- First code, then test
- Development and testing teams were considered separate from each other each working in their own silo
- Each part of the process is heavy and requires tons of documents
- Testing becomes a bottleneck in the very end, thus making it virtually impossible to maintain a schedule
- Automation tools come into picture after the coding process is completed
The waterfall approach mostly lacks effective team engagement and suffers from disrupted communication between developers.
The latest agile methodology delivers solutions to the, most common loopholes in the waterfall model.
- Brings together coding and testing
- Effective feedback and collaboration come into the picture
- The added process of exploratory testing suggests loopholes in the code before time
- Gives rise to better ideas and mind mapping
- All teams integrate into one structured operational system
Agile testing Methodologies
Now let’s have a closer look at the most common agile testing methodologies.
Four basic agile methods are being used by developers and treasurer today:
- Behaviour Driven Development (BDD
- Acceptance Test-Driven Development (ATDD)
- Exploratory Testing
- Session-Based Testing
1) Behaviour Driven Development (BDD)
Behaviour driven development or BDD is very similar to the test-driven development approach or TDD.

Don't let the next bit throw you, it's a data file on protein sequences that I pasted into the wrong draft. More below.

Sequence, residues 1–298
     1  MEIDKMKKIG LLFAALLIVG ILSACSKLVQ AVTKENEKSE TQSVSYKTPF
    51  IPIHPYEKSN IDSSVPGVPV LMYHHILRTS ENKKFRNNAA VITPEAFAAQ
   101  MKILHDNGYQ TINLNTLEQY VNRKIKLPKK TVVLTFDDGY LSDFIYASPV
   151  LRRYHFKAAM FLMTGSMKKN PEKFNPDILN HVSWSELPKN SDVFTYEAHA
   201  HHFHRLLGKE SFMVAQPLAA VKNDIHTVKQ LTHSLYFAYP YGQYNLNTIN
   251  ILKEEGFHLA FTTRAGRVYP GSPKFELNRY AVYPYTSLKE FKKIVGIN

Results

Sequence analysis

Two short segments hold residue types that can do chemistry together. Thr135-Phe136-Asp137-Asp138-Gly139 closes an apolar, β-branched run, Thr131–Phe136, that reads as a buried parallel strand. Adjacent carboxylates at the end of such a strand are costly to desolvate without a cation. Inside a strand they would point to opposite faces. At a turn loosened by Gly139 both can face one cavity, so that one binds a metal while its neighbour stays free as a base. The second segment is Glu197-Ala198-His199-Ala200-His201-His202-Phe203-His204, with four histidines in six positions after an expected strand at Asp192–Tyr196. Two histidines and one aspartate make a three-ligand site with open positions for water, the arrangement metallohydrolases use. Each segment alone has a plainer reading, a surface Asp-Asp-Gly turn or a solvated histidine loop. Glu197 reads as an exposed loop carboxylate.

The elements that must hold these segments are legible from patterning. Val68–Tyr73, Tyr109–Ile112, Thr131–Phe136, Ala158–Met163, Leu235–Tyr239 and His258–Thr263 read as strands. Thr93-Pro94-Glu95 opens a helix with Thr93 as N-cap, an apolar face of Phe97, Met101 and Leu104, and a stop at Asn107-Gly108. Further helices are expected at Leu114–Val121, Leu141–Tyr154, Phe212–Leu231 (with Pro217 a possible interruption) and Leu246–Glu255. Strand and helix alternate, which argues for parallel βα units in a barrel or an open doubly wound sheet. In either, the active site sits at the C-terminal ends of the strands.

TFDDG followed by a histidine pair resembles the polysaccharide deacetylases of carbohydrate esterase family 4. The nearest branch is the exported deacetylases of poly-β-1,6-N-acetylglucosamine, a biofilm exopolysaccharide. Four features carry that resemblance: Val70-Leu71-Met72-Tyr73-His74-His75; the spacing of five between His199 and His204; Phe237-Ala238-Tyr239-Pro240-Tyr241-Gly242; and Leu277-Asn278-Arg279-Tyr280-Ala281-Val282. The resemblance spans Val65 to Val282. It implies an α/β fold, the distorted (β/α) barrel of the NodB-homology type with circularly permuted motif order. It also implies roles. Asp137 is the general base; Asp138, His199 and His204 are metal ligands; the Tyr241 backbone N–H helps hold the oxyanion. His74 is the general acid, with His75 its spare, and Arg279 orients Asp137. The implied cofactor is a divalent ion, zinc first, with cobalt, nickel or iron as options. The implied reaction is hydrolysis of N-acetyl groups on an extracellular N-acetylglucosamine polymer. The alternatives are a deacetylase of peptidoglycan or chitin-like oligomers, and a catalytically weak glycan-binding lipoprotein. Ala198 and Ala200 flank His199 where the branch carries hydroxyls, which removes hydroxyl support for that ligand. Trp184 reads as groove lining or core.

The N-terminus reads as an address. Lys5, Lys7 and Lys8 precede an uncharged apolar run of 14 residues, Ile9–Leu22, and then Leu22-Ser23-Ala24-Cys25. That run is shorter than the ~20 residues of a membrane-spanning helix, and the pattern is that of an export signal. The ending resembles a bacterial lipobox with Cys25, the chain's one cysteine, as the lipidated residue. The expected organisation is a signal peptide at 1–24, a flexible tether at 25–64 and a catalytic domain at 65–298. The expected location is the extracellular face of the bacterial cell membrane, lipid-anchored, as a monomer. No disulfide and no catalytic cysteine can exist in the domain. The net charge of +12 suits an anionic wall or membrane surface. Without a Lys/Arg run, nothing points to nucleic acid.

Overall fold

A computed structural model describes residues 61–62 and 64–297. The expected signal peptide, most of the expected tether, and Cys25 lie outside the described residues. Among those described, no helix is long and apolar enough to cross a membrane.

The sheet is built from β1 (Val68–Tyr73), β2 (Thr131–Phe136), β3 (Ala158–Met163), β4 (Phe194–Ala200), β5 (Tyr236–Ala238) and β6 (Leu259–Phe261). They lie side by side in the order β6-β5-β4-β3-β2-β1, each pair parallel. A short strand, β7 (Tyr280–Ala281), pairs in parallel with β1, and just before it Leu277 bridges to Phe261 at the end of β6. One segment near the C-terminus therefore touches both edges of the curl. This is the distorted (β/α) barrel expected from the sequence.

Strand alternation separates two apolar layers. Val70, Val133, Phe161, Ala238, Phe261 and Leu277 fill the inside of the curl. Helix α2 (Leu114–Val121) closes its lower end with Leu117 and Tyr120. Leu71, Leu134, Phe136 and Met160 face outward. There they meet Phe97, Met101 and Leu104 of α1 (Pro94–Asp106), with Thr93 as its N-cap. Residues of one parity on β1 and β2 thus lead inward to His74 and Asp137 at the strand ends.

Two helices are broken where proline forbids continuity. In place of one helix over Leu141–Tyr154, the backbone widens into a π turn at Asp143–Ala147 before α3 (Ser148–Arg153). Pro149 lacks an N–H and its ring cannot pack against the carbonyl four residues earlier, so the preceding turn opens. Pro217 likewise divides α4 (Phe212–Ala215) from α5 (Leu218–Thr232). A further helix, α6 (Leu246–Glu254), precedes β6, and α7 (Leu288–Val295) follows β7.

It encourages communication between the stakeholder involved in a project so every other member understands every feature of the system before the beginning of the development process. In BDD, tester developers and analysts create scenarios that promote example focussed communication in detail.
The main idea of BDD is that a specific team creates relevant scenarios and then builds a test series around those scenarios that are predicted to fail. Next, these testers build software functionality and program them to pass in the same scenarios.
The basic difference that comes from traditional Test-Driven Development (TDD) is that there, complete software functionality is tested, not just individual components of a software code.
Best practices for testers following a BDD methodology include:
- Streamline the documentation to keep the process lean
- Embrace the famous “three amigos” model where the product owner, developer and tester come together to discuss possible issues
- Use a framework like Cucumber to define criteria accurately
- Build automated tests in a way that they can be reused as and when needed
- Make your business analysts learn the Gherkin syntax and write test cases directly